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Legislative Assembly for the ACT: 1996 Week 4 Hansard (17 April) . . Page.. 1020 ..

MR DE (continuing):

I welcome Mr Wood's comments. I shared his concern when I first read the report, thinking that the process might be highly bureaucratic. But I assure Mr Wood that the Government has put in place a process that will not allow that to happen. There will certainly be no expansion of bureaucracy or red tape in order to attack red tape. I need to comment also on the fact that, whilst Mr Wood's comments were mostly positive, there seems to be a tendency towards negativism. It is probably contagious, with leadership changes and all sorts of things - - -

Mr Moore: Nervousness.

MR DE DOMENICO: There seemed to be even a nervousness in Mr Wood's usually very sensible comments; but we can excuse him for that because negativism seems to be contagious, depending on who the leader is.

Ms Tucker talked about competition being one of the major thrusts for the setting up of the Red Tape Task Force. I say that that was not the case. It was a firm and very public election commitment made by the Liberal Party prior to its being elected in 1995. I think we can say that another one of the promises has been delivered. I am also delighted that both Mr Wood and Ms Tucker did recognise and say that they both considered that red tape was a problem. Ms Tucker also talked about green tape. I can assure Ms Tucker that, through the excellent work being done by my colleague Mr Humphries, there will be no weakening of environmental protection as a result of any of the recommendations made by the Red Tape Task Force.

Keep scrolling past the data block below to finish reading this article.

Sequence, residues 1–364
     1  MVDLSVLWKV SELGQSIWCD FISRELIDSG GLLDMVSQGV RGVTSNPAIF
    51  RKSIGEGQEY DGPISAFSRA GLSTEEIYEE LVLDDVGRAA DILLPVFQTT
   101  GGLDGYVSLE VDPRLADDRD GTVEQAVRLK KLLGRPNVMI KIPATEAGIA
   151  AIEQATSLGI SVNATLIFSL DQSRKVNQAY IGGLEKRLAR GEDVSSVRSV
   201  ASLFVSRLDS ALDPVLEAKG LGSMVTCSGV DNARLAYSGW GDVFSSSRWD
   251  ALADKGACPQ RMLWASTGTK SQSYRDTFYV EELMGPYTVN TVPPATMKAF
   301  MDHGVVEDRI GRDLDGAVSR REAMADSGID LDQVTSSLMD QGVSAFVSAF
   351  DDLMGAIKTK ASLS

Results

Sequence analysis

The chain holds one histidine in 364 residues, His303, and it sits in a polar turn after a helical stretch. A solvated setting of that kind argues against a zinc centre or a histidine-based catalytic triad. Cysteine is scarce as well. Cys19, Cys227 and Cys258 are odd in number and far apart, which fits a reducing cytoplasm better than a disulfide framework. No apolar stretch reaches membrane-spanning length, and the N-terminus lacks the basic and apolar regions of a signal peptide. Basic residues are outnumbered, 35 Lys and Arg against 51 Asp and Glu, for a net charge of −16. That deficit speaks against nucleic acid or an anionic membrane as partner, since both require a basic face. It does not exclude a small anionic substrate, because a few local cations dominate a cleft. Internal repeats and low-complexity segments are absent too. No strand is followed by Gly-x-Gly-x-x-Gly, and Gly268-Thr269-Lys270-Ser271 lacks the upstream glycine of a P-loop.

Ms Tucker also talked about voluntary compliance. With some of the things in the Territory Plan, the laws and regulations, and some of the environmental legislation that Mr Humphries has put on the books and is administering, there will be very heavy policing of voluntary compliance by the business community in terms of environmental protection. The ACT does not drag behind the rest of the world in terms of legislation for environmental protection. Nothing that the Red Tape Task Force recommends will alter that.

There were comments made about putting business first. My response to them is that we know that, notwithstanding which political party is in power federally or here, the main thrust of job creation in the Territory is going to have to come from the private sector. We note that there was very little done by our predecessors in enhancing the role of the private sector and in ensuring that it has the wherewithal to provide those jobs. Perhaps some of the recommendations of this Red Tape Task Force, when implemented, will make sure that employment opportunities in the Territory are expanded. Finally, Mr Speaker, I thank the members for their contributions to the debate.

Question resolved in the affirmative.

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